M. Brewster Smith, Witness in Landmark Case

Article Tools
  • PrintPrinter-Friendly
  • EmailEmail Article
  • ReprintReprints
  • CommentsComments

A professor emeritus at the University of California, Santa Cruz, whose research and testimony contributed to the U.S. Supreme Court's landmark Brown v. Board of Education decision died Aug. 4 after a brief illness. M. Brewster Smith was 93. Mr. Smith joined the university as vice chancellor for social sciences in 1970, serving in that capacity until 1975. He continued working as a professor of psychology until retiring in 1988.

In 1952, then at Vassar College, Mr. Smith testified as an expert witness against segregation in a case before a Richmond, Va., federal appeals court, one of four lower-court cases that led to the Supreme Court's decision to ban school segregation in Brown. Mr. Smith, who testified that segregation harmed a child's self-esteem and thus affected his or her ability to learn, considered his testimony to be among his greatest contributions to society.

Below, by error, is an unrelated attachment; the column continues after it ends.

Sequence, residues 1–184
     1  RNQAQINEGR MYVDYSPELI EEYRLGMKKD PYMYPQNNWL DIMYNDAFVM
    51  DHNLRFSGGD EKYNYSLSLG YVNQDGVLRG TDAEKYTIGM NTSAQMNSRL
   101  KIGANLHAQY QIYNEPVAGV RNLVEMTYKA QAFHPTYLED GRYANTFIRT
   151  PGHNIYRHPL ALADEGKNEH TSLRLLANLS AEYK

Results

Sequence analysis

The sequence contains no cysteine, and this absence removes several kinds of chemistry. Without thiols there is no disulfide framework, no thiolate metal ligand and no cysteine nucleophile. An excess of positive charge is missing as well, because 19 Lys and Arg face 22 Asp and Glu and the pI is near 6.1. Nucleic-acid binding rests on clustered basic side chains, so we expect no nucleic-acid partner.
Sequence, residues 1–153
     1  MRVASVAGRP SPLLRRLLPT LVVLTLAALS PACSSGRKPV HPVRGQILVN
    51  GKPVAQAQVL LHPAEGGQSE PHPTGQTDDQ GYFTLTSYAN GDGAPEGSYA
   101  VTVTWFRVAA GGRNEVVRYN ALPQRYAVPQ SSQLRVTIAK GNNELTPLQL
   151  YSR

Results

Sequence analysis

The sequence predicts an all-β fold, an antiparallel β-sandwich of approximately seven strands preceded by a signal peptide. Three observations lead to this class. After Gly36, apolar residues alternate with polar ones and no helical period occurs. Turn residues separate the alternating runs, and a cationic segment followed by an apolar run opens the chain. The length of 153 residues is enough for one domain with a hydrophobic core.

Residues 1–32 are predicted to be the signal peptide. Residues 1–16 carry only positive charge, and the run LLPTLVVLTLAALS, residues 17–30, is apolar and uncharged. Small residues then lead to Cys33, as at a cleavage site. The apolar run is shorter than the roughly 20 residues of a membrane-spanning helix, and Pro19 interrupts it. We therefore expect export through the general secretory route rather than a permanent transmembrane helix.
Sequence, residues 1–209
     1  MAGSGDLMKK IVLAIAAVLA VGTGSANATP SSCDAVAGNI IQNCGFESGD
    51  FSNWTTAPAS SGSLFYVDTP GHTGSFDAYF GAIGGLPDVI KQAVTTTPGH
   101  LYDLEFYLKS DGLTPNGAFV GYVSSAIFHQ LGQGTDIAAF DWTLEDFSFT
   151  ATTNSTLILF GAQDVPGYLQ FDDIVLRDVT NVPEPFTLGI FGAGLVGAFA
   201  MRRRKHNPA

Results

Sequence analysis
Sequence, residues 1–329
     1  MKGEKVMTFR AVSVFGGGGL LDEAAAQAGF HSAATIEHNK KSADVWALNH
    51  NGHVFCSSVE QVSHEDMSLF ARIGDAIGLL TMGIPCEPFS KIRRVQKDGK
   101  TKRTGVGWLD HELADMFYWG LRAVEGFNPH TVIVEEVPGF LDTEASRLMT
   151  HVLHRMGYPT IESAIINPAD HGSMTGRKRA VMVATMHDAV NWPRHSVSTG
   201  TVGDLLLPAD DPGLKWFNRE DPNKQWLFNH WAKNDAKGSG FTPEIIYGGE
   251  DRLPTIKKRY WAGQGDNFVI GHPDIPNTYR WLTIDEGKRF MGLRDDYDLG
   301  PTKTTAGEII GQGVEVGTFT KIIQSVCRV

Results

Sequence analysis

His career spanning more than six decades focused on the interplay of psychological and political processes, according to UC-Santa Cruz.

Vol. 32, Issue 01, Page 5

Published in Print: August 22, 2012, as M. Brewster Smith, Witness in Landmark Case
Related Stories
Notice: We recently upgraded our comments. (Learn more here.) If you are logged in as a subscriber or registered user and already have a Display Name on, you can post comments. If you do not already have a Display Name, please create one here.
Ground Rules for Posting
We encourage lively debate, but please be respectful of others. Profanity and personal attacks are prohibited. By commenting, you are agreeing to abide by our user agreement.
All comments are public.

Back to Top Back to Top

Most Popular Stories